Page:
The housing crisis may also have sparked the increase in student loan default rates, according to a working paper by the National Bureau of Economic Research.
The study says the drop in home prices during the Great Recession also coincided with a 24 to 32 percent rise in student loan default rates. Researchers looked at administrative student loan data along with ZIP code home price data for about 300,000 student loan borrowers in repayment during the recession.
Last year, more than 1 million federal student loan borrowers defaulted on their debt.
“The huge rise in student loan defaults is on everybody’s minds and the question is what’s the cause of this rise?” says Holger Mueller, one of the authors of the paper and a professor of finance at New York University’s Stern School of Business. “What we want to do is point to another very important source of default risk and that’s just the labor market.”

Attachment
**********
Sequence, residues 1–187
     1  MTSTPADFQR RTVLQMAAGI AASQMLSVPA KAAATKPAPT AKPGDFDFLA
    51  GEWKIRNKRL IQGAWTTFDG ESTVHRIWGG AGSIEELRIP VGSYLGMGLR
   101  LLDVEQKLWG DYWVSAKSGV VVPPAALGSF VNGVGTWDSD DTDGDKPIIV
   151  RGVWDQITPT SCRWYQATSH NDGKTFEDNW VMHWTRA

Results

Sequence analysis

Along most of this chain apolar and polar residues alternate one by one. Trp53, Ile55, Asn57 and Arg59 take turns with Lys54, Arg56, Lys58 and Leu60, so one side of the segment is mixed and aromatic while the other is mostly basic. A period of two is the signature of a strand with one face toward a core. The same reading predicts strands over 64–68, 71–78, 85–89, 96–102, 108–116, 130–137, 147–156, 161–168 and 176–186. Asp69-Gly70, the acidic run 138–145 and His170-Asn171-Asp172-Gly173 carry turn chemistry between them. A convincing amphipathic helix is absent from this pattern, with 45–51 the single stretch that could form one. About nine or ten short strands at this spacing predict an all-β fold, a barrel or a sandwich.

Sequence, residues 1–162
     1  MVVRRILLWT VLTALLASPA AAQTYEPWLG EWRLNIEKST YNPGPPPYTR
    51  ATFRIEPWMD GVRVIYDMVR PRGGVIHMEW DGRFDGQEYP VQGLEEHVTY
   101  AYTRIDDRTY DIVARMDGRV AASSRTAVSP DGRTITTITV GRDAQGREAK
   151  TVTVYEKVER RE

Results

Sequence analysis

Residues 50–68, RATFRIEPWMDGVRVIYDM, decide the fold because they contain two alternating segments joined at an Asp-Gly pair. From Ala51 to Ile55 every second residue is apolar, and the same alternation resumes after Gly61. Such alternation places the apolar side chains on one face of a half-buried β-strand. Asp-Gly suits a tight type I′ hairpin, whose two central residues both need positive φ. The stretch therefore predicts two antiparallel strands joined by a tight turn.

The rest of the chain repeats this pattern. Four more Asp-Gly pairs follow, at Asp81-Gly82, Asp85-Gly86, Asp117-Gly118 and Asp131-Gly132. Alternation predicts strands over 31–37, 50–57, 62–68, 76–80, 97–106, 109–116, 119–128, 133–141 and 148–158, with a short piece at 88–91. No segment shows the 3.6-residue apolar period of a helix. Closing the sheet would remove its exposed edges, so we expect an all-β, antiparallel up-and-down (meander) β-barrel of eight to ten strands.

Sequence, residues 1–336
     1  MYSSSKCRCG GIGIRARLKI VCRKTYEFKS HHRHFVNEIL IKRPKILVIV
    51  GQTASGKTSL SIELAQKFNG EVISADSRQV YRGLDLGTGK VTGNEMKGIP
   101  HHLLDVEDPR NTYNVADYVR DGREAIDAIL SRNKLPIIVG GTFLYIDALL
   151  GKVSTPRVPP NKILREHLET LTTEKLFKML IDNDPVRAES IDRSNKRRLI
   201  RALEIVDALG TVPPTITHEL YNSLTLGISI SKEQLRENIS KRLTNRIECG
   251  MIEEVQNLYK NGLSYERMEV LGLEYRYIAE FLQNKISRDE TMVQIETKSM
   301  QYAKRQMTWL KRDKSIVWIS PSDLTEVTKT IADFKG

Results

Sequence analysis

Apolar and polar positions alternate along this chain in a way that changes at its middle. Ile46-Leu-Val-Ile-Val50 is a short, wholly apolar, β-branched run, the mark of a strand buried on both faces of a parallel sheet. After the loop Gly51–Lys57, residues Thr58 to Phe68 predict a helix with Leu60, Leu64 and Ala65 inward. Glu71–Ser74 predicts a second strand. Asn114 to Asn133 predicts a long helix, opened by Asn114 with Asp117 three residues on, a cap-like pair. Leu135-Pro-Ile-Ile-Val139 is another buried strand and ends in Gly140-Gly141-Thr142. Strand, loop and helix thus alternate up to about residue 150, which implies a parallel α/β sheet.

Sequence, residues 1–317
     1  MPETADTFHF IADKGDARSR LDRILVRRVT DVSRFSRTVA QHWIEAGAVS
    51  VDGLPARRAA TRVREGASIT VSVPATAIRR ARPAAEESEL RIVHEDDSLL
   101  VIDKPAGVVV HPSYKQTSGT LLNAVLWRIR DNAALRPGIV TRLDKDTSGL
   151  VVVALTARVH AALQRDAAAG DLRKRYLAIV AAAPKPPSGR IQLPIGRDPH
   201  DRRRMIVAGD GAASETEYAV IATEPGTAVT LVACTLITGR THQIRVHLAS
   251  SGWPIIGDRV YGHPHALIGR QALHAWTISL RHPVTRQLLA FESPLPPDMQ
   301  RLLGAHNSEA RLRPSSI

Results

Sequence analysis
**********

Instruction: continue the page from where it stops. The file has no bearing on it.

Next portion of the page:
Researchers point to the impact falling home prices may have had on an area’s labor market. When the value of homes drop, homeowners tend to spend less. Local businesses then are often forced to keep workers’ pay stagnant or even lay them off. That ripple effect may have also contributed to the higher student loan default rates.
Source: “Why Lower Prices Lead to Higher Student Loan Default Rates,” MarketWatch (April 1, 2017)